Cochlearia officinalis

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Cochlearia officinalis
Cochlearia officinalis - Köhler–s Medizinal-Pflanzen-186.jpg
Scientific classification
Kingdom: Plantae
(unranked): Angiosperms
(unranked): Eudicots
(unranked): Rosids
Order: Brassicales
Family: Brassicaceae
Genus: Cochlearia
Species: C. officinalis
Binomial name
Cochlearia officinalis

Cochlearia officinalis, or Common Scurvygrass, is a flowering plant of the genus Cochlearia in the family Brassicaceae. The plant acquired its common name from the observation that it cured scurvy, and it was taken on board ships in dried bundles or distilled extracts. Its very bitter taste was usually disguised with herbs and spices; however, this did not prevent scurvygrass drinks and sandwiches becoming a popular fad in the UK until the middle of the nineteenth century, when citrus fruits became more readily available.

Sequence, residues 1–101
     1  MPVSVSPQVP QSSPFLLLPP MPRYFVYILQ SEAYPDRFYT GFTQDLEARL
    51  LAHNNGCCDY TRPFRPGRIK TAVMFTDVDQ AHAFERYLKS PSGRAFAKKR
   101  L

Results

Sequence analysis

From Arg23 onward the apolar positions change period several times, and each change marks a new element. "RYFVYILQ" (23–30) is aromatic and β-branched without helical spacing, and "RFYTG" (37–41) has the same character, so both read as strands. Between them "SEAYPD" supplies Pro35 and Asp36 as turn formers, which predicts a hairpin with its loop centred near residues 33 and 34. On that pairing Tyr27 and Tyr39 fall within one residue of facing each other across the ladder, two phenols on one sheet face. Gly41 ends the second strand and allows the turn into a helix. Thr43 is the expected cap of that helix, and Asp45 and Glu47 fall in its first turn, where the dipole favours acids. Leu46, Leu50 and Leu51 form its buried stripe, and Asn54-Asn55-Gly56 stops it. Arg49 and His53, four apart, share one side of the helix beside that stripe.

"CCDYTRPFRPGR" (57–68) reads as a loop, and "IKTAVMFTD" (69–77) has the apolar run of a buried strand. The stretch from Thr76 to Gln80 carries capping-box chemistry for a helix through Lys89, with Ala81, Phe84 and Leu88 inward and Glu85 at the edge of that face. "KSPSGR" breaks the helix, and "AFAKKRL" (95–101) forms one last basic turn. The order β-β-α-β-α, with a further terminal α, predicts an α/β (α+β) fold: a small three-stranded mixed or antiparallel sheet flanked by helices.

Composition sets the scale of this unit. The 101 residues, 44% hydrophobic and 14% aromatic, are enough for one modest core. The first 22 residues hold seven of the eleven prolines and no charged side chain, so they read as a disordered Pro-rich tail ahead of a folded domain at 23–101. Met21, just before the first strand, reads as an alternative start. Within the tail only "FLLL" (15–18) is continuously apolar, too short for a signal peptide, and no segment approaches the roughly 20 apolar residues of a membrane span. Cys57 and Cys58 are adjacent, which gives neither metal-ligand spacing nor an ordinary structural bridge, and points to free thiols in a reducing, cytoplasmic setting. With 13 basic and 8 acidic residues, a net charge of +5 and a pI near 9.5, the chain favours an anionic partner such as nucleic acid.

Cochlearia officinalis is a Biennial/Perennial growing to 0.3 m (1 ft). It is not frost tender. It is in flower from May to August, and the seeds ripen from July to September. The flowers are hermaphrodite and are pollinated by Bees, flies, and beetles. The plant is self-fertile. It is also noted for attracting wildlife.[1]

'Range:' Coastal and mountainous regions of western, northern and central Europe, including Britain.

Cochlearia officinalis in Prague